Quincy Cunningham was 5 months old when his parents first noticed that the back right side of his head was beginning to look flat. Anthony and Lydia took their first-born son to his pediatrician, who indicated that Quincy appeared to have developed deformational plagiocephaly and referred them to Boston Children's Hospital for treatment.
Deformational plagiocephaly—a condition in which a baby's head becomes flat on one side—occurs in about 10 percent of otherwise healthy newborns. The flattening can occur at the front (deformational frontal plagiocephaly, or DFP) or the back (deformational posterior plagiocephaly, or DPP) of the head.
DPP is far more common. It occurs when the back of the head is flat on one side, the ear on that side is more forward, and there is minor flattening of the forehead on the opposite side. A diagnosis of deformational plagiocephaly is usually made through a physical examination, although it sometimes needs to be confirmed by X-rays.
Babies can be born with deformational plagiocephaly as a result of a tightened womb environment caused by multiple births, a small maternal pelvis or a breech position, but more often than not, the condition develops after birth. Several factors can increase a baby's risk, including torticollis (a congenital condition in which one or more of the neck muscles is extremely tight, causing the head to tilt and/or turn in the same direction), premature birth and back sleeping.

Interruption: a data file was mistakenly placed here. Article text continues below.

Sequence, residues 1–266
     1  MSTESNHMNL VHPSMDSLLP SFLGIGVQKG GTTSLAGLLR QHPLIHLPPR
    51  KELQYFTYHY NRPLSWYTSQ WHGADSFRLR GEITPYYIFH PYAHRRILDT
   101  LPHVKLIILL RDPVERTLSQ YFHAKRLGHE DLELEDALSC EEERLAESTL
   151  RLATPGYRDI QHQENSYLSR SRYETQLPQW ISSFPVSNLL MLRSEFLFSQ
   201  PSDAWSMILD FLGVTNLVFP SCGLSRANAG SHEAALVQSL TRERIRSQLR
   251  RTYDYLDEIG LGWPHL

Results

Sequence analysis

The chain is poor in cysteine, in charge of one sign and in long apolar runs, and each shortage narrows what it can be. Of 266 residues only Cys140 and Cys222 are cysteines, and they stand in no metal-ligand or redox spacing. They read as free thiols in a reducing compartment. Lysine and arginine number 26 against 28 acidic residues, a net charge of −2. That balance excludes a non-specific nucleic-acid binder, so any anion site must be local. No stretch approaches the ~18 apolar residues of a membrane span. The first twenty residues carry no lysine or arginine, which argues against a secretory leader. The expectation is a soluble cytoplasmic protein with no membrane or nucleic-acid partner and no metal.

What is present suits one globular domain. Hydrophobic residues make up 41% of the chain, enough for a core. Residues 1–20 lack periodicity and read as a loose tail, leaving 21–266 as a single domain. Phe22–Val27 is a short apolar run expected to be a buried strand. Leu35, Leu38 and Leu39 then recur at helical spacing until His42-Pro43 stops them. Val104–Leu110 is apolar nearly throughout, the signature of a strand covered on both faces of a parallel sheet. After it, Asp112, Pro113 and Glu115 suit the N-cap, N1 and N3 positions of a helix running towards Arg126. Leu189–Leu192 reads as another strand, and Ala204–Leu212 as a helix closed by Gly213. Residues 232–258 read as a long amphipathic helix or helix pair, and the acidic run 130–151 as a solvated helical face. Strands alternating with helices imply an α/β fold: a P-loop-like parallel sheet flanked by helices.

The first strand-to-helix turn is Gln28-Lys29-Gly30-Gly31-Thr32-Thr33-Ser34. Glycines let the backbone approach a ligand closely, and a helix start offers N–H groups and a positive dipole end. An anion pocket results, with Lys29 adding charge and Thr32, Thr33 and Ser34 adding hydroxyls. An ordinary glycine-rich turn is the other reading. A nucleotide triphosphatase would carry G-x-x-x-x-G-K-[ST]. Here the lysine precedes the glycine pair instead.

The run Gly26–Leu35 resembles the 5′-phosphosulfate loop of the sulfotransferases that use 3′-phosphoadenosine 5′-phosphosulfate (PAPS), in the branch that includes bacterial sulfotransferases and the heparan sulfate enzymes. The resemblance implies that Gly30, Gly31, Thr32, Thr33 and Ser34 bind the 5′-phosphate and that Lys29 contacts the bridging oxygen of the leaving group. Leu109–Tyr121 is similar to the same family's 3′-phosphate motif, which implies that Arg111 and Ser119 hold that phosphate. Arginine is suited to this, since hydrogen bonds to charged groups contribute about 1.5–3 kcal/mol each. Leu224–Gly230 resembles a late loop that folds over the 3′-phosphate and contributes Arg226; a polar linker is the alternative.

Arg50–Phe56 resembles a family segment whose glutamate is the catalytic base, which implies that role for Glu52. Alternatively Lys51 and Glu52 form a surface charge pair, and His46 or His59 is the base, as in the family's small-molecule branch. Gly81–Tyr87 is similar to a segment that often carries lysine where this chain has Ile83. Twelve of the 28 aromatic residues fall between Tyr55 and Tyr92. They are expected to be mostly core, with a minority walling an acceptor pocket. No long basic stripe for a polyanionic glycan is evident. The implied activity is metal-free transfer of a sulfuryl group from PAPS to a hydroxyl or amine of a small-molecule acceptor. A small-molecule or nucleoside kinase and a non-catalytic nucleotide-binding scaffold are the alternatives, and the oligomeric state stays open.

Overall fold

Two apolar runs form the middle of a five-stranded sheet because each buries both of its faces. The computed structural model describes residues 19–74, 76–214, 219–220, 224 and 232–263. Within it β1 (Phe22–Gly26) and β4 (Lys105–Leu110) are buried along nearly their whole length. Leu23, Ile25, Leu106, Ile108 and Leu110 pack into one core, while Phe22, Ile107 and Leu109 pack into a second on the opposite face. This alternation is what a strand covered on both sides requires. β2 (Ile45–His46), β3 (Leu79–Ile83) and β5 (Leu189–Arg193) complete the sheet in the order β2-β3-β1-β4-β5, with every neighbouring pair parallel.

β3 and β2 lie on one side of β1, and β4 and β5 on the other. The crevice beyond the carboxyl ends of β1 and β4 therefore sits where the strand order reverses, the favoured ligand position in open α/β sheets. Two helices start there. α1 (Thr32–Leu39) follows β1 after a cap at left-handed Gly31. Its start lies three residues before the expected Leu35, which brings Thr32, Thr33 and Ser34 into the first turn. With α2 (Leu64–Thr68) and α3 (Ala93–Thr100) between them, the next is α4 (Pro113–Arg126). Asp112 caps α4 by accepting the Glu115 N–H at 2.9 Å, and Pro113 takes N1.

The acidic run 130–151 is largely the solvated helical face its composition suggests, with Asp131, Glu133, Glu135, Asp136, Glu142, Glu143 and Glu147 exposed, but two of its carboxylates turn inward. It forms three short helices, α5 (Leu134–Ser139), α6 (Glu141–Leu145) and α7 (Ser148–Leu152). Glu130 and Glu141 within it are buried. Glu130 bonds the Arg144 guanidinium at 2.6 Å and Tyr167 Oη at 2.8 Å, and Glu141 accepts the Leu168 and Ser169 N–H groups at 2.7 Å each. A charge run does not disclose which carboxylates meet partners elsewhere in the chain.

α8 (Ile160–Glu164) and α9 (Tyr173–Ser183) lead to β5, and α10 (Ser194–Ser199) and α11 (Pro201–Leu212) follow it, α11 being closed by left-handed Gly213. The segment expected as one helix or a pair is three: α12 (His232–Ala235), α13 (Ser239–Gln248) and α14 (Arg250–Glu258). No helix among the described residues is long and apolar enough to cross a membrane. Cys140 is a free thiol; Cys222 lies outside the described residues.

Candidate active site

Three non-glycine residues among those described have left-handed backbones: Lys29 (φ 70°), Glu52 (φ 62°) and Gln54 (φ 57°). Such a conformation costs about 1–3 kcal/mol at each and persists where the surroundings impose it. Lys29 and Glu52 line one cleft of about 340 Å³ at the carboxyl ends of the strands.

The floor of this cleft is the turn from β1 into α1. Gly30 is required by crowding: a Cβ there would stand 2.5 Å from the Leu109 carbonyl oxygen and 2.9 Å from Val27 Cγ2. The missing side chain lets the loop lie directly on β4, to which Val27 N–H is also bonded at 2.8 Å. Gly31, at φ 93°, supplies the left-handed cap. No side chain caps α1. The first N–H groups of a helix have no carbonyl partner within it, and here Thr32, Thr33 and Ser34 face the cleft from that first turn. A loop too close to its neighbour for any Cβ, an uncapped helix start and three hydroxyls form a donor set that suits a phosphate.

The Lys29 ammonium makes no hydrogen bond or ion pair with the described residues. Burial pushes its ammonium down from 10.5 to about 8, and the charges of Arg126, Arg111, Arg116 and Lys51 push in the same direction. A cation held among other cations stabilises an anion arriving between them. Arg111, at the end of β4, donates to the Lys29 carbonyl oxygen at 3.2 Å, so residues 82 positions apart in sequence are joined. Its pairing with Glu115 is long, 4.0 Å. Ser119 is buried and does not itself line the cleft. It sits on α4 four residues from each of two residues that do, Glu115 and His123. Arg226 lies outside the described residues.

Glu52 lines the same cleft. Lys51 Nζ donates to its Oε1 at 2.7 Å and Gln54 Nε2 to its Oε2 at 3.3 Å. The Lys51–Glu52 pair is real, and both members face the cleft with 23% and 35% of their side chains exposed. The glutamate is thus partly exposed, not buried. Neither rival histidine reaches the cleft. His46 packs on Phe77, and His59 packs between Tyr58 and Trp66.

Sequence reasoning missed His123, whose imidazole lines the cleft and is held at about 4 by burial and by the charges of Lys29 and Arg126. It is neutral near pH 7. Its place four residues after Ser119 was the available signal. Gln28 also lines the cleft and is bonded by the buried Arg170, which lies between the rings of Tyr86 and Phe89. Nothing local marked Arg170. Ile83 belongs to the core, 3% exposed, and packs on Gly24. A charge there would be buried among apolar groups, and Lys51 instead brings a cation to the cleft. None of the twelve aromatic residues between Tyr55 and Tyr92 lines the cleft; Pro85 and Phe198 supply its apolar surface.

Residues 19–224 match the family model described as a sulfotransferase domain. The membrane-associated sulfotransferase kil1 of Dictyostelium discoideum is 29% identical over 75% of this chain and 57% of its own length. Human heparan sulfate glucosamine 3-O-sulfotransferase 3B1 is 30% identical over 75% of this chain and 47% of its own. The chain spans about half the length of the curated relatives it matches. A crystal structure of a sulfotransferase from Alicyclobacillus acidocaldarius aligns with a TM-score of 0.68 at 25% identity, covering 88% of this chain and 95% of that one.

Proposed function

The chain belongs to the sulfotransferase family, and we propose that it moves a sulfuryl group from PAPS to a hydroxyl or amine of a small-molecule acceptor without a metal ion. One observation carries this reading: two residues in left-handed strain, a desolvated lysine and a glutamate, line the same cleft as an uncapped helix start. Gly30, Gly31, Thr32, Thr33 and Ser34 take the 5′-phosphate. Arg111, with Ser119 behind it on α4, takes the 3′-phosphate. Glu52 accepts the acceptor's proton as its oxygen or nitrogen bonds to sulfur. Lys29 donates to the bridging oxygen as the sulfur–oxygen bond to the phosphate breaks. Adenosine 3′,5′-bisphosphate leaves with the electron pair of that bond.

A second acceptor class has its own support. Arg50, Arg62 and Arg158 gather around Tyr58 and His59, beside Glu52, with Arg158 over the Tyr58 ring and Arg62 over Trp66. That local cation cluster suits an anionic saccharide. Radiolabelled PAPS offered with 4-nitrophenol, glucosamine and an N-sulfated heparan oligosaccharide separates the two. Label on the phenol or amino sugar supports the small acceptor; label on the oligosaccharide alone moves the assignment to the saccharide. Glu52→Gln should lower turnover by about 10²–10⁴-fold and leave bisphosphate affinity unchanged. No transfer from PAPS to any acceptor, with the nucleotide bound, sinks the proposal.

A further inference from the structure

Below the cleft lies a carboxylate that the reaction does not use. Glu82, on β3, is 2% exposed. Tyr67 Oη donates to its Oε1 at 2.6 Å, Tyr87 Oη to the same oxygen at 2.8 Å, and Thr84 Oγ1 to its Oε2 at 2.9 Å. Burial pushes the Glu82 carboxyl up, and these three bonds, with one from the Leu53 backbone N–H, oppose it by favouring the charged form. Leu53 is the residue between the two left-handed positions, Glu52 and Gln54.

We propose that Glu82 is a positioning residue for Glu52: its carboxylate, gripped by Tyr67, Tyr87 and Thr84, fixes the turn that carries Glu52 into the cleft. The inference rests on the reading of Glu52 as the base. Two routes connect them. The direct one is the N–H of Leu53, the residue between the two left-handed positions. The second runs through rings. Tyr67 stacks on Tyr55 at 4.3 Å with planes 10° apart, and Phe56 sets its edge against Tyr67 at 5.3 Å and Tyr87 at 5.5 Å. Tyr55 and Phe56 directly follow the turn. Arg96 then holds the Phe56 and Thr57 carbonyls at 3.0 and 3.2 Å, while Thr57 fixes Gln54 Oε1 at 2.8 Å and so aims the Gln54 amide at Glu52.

Plagiocephaly is typically treated based on age. If the condition is identified early, when the child is age 3 months or younger, Children's clinicians recommend using a head cup—a device placed under the child's head whenever he is lying on his back. "
As a child grows older he becomes more mobile, so the head cup is no longer effective. For children like Quincy, who are already 4 to 5 months old when the plagiocephaly is detected, a molding helmet is recommended. Much like the head cup, the helmet is casted to fit the child's head and is adjusted as he grows. But the helmet is worn nearly 24 hours a day—with the exception of bath time—for a few months.
"Quincy wore his helmet for about two months," says Anthony. "He was a little unsure about it at first, but after a few days, he got used to it and did great." The Cunninghams saw marked improvement in the shape of their son's head during his time wearing the helmet.
"As a child gets older, his head is less malleable, so it becomes less likely to achieve a completely rounded shape," says Children's neurosurgeon Joseph Madsen, MD. "Of course, the goal with any plagiocephaly treatment is not perfection, it's improvement."